ADHD Medication Use Doubled by Young Adults

  • Posted at Jun 17, 2014
  • Written by yellowbrick

The use of Attention Deficit Hyperactivity Disorder (ADHD) prescription drugs for young adults is on the rise. Commonly prescribed medications, like Adderall and Dexedrine, fall into the class of drugs known as amphetamine stimulants. When taken as prescribed for an accurate diagnosis of ADHD, these psychiatric medications increase dopamine levels and stimulate the front part of the brain, whose functions allow us to reason and control our behavior. ADHD medications can be a wonderful resource for people who really need the medication. However, as a new report by the Substance Abuse and Mental Health Services Administration (SAMHSA) exposes, a significantly high number of emergency room visits involving ADHD medication, it is clear that people are misusing and abusing these psychiatric drugs. Before young adults begin taking ADHD medication, parents should consult a physician qualified to diagnose and treat ADHD, most likely either a psychiatrist or pediatrician, and should think deeply to determine if ADHD medication is the right therapeutic choice for their children.

Consider this

Before seeking a medical evaluation for ADHD, people should consider the following questions.

  • Is the diagnosis for ADHD accurate? Just because a young adult is having problems with attention, it does not mean that they have ADHD or should be prescribed medication for ADHD. Other psychological problems can affect attention, like depression, anxiety, post traumatic stress disorder, and eating disorders for example. Taking prescription stimulants, like the ones prescribed for ADHD can actually worsen problems with attention when they are not prescribed for an accurate diagnosis. In order to receive a careful diagnosis for ADHD, you may wish to seek a second opinion or pursue a treatment program that offers a comprehensive assessment in determining the need for psychiatric medication. (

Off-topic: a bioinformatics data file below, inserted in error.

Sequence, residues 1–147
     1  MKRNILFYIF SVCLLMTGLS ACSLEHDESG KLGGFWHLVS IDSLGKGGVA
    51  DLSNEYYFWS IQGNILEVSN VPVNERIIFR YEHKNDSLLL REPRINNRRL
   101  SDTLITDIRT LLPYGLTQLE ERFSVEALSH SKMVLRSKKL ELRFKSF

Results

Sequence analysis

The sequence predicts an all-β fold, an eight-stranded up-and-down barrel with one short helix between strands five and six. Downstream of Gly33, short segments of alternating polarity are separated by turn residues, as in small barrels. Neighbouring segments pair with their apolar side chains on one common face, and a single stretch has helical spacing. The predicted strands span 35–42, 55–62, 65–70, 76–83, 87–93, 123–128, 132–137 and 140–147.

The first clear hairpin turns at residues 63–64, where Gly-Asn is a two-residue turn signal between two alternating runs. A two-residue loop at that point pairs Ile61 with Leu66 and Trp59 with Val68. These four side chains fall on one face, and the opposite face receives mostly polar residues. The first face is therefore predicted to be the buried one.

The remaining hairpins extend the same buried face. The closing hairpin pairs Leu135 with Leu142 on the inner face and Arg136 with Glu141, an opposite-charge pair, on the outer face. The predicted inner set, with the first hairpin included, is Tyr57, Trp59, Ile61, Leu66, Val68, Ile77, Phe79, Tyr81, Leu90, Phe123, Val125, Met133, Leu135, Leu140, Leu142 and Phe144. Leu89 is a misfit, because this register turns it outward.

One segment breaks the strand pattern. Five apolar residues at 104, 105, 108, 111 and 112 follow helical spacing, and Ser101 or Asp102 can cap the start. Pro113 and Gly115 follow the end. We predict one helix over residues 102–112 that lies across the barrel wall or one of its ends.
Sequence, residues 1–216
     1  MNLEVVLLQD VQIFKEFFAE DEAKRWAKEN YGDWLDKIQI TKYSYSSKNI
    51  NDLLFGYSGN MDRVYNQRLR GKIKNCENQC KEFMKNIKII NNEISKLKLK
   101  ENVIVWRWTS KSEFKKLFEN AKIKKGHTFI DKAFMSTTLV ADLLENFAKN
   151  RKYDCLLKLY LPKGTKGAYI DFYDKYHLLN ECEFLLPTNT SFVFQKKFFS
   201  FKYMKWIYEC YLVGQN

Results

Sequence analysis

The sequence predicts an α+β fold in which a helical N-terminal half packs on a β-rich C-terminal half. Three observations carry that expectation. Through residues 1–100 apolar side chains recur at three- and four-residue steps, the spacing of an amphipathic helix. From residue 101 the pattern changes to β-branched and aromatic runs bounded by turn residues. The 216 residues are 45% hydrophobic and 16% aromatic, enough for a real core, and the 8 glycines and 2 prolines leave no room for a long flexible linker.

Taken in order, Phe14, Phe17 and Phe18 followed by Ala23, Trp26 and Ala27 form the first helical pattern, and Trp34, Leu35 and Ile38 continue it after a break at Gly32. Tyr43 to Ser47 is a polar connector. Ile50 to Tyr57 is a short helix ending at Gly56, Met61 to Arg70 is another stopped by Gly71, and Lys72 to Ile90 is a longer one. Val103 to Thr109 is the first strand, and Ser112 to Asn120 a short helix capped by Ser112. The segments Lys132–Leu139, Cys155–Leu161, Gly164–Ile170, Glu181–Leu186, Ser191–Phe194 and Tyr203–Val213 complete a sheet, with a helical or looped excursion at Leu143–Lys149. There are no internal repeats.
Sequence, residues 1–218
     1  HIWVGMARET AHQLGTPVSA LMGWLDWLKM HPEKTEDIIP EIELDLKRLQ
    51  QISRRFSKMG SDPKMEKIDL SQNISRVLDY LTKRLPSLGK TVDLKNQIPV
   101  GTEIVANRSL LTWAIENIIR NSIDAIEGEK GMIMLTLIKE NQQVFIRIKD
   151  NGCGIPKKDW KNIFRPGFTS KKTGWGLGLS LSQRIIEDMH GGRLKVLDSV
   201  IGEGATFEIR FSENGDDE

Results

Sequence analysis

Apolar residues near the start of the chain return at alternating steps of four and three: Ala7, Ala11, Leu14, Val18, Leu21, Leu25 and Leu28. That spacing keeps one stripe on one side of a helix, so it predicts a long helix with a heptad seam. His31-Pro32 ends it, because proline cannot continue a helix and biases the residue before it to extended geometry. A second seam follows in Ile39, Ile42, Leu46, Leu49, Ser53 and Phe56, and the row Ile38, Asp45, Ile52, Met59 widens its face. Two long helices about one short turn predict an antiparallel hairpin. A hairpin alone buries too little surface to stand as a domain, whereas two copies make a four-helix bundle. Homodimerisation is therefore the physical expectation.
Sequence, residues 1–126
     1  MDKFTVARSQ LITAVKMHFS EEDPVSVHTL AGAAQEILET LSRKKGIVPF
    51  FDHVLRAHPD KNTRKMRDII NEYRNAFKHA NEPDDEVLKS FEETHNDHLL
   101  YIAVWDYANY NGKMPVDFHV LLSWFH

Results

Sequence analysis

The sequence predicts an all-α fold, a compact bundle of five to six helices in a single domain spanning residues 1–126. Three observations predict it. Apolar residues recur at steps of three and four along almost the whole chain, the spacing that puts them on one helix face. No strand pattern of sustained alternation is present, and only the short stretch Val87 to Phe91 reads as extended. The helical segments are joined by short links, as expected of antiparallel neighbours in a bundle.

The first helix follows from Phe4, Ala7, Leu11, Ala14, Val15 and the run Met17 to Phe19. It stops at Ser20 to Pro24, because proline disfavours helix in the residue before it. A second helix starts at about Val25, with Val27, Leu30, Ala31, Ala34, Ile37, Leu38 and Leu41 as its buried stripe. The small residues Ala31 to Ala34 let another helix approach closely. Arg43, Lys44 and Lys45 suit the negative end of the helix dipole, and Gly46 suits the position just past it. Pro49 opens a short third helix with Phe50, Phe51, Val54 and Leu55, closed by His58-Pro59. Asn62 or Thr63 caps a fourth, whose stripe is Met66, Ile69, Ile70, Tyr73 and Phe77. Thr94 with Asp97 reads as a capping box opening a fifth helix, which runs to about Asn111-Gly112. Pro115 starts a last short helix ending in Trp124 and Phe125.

• Are there alternative options for therapeutic treatment besides taking psychiatric medicine? Stimulant medications are not the only way to relieve the symptoms of ADHD. Non-medication therapies like yoga and meditation are powerful alternatives that work by stimulating the front part of the brain. When practiced regularly, yoga and meditation may help in managing ADHD symptoms without the need for prescription stimulants.

Pay attention

If you are a parent of a young adult taking psychiatric prescriptions for ADHD, it can be useful to monitor medication use, especially if your son or daughter has an history of substance abuse. Be aware of the signs that point toward prescription drug misuse.

  • Is the prescription being refilled at a rate that does not correspond to therapeutic recommendations? If your young adult is getting their psychiatric medications refilled more often than the doctor recommends, this may be a sign of drug misuse or abuse. A study published in the Journal of Attention Disorders indicated that 31% of the college students taking stimulants for ADHD who were surveryed had taken larger or more frequent doses of their stimulants than prescribed. The study also found that 26% of students shared their medication with peers (which is a felony in most states). If you find that your young adult is going through their medication more quickly than prescribed, find time to talk about it. Let your young adult know your concerns and listen to their response. Collaborate and decide how to monitor the dosage of their psychiatric prescription.
  • Does your young adult have any adverse reactions to the psychiatric medicine? According to David V. Hamilton, MD, Associate Medical Director, Center for Clinical Neuroscience at Yellowbrick, long term abuse of ADHD medication can cause depression and even psychosis. The stimulants in ADHD medications can cause irreparable damage to the brain when taken unnecessarily and/or at dosages higher than prescribed. If you notice that your young adult is showing signs of depression while taking ADHD medication, like isolating oneself, sleeping irregularly, or showing a lack of interest in usual activities, it may be time to review the course of addiction treatment for young adults with a team of professionals.
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